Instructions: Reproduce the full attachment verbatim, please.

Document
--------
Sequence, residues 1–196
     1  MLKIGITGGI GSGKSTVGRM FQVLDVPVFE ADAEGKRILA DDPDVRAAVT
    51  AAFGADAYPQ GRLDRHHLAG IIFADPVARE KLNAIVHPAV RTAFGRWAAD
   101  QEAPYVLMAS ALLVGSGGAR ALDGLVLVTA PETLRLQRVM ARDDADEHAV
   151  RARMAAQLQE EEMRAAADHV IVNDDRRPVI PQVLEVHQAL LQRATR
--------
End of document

Sequence, residues 1–196
     1  MLKIGITGGI GSGKSTVGRM FQVLDVPVFE ADAEGKRILA DDPDVRAAVT
    51  AAFGADAYPQ GRLDRHHLAG IIFADPVARE KLNAIVHPAV RTAFGRWAAD
   101  QEAPYVLMAS ALLVGSGGAR ALDGLVLVTA PETLRLQRVM ARDDADEHAV
   151  RARMAAQLQE EEMRAAADHV IVNDDRRPVI PQVLEVHQAL LQRATR